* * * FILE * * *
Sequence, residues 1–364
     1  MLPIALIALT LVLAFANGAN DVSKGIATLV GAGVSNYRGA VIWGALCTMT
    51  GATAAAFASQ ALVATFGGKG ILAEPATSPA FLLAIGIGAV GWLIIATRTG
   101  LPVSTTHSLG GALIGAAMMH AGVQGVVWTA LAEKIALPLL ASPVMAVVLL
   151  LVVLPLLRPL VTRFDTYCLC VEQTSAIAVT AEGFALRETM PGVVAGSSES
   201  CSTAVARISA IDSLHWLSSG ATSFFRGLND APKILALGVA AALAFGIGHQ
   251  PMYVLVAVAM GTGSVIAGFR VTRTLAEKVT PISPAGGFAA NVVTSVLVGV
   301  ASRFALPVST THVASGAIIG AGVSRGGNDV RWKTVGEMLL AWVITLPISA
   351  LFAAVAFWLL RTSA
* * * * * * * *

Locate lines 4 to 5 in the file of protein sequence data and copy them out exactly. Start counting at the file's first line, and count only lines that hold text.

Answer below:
   101  LPVSTTHSLG GALIGAAMMH AGVQGVVWTA LAEKIALPLL ASPVMAVVLL
   151  LVVLPLLRPL VTRFDTYCLC VEQTSAIAVT AEGFALRETM PGVVAGSSES